When you open a home-décor magazine and see a flamboyant pasta-tile bathroom — not in Mérida, but on Long Island, N.Y. — you have witnessed Yucatán’s growing influence in the world of art and design.
It’s only natural that Yucatán’s distinctive, worldly style would be on the world’s radar as Yucatán continues to attract and inspire some of the world’s most exciting artists and designers.
Over the years, Annie Kelly and Tim Street-Porter have documented some of the best residential design in the U.S. and Mexico. Puerto Vallarta, Litchfield and Los Angeles have all had a share of this duo’s spotlight. Much to our delight, their new book focuses on the Yucatán Peninsula.
Casa Mexico: At Home in Mérida and the Yucatán takes readers on an insider’s tour of a range of private residences — from brightly painted town houses to contemporary villas to rustic bungalows.
Look who cooperated with the publication of this book: Among them are architect Manolo Mestre, artist Jorge Pardo, Los Angeles modernist antiques dealers Robert Willson and David Serrano, Nicolas Malleville of Tulum’s famed Coqui Coqui hotel, and the architect-designer team of Salvador Reyes Ríos and Josefina Larraín Lagos, who have been game-changers among their peers.
Casa Mexico is published by Rizzoli and will be released April 19. (Available for pre-order on Amazon.com and Amazon.com.mx, and expected to be in stock at Sanborns.) Here is an excerpt, printed with permission from the author:
Introduction to Casa Mexico: At Home in Mérida and the Yucatán
We fell in love with the Yucatán over twenty years ago when we toured the nearby iconic pre-Columbian pyramids Chichen Itza and Uxmal. Today, the whole region has grown into a fashionable and popular destination, constantly featured in a wide variety of travel and design articles in newspapers and magazines all over the world. We found it most expeditious to begin the photography for this book in Mérida, and then use the town as a base to travel around the rest of the Yucatán to explore the contemporary evolution of Mexican interior design and exterior decoration, which, thanks to skilled local craftsmen and artisans, are ever-changing, always joyful, and deeply inspirational.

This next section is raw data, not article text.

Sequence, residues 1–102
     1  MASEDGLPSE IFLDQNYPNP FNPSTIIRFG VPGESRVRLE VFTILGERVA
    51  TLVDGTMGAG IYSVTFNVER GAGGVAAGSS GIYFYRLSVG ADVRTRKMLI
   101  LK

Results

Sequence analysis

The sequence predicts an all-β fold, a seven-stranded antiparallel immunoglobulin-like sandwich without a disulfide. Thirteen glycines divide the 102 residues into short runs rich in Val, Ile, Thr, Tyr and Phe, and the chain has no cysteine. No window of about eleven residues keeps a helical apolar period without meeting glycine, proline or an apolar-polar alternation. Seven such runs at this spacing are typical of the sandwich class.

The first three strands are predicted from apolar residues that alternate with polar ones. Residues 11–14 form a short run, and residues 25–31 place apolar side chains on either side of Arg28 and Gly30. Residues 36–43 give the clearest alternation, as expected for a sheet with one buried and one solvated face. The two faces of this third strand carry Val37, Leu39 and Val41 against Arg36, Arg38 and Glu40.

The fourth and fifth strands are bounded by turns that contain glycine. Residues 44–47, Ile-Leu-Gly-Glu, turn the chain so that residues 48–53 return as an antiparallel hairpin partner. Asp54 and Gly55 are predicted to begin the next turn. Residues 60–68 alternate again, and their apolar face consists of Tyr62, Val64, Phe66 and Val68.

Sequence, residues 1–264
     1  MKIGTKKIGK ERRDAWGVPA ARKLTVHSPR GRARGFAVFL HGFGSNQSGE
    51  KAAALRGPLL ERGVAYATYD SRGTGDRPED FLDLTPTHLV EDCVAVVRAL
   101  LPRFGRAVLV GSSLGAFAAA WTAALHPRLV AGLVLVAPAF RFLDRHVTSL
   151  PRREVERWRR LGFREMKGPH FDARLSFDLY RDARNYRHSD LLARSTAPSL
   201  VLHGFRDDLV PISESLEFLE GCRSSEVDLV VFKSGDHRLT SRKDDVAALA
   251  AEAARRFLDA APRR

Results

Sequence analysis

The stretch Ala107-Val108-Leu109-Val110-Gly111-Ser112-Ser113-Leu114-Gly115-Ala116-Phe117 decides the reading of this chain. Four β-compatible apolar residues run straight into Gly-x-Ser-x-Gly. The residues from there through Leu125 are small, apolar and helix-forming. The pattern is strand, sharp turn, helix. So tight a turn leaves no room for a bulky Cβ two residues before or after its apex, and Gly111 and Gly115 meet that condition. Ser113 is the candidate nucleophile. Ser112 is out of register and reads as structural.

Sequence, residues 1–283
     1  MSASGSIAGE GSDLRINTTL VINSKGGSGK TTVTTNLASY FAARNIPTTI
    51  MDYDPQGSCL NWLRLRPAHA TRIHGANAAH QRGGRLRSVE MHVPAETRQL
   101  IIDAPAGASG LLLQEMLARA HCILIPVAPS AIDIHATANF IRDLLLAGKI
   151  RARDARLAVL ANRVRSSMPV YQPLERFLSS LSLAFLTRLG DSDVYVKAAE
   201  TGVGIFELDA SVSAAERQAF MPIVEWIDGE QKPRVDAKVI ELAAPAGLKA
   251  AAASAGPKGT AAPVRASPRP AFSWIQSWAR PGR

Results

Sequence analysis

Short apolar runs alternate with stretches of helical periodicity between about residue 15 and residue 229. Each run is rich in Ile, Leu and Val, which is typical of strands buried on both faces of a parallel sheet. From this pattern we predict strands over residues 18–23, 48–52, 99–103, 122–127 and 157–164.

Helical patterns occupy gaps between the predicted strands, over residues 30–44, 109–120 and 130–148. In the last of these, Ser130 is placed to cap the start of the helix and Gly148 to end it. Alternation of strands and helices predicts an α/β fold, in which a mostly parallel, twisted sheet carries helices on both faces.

We photographed two very different haciendas: the seventeenth-century Hacienda Petac, sensitively restored by Josefina Larraín Lagos and her partner, architect Salvador Reyes Ríos; and the brand new Plantel Matilde, an adventurous modern hacienda by architect Arcadio Marín, built for his brother, the sculptor Javier Marín. Near the village of San Antonio Sac Chich, it opens up like a modern-day acropolis and takes its name from the field it is built on.
For some people, the small town of Valladolid, which is on the way to the beach resort of Tulum, is a peaceful alternative to the much larger city of Mérida. Here, Nicolas Malleville and Francesca Bonato originally just opened a small store and guest hotel, but they made their home there temporarily after a hurricane swept through their beachside property in Tulum. They loved Valladolid’s quiet and colorful beauty, and decided to stay and raise their two sons there.
The archaeological site of Cobá, with one of the tallest pyramids in the Yucatán (and close to Tulum), is a picturesque location for another Malleville and Bonato project. Coqui Coqui Coba looks out onto one of several crocodile-filled lakes; we were sorry to miss the reptiles’ evening parade in front of the hotel.
Driving through the endless, flat, low-forested Yucatán plains, it is easy to wonder how this uneventful landscape was host to one of the so-called cradles of civilization, where the Mayans built their first well-planned cities around 750 BCE. However, part of the magic of this region of Mexico is what lies hidden around the corner. A spectacular ruin, a colorful town, or a grand hacienda—all these play their part in the mystery that is the Yucatán Peninsula.
Annie Kelly and Tim Street-Porter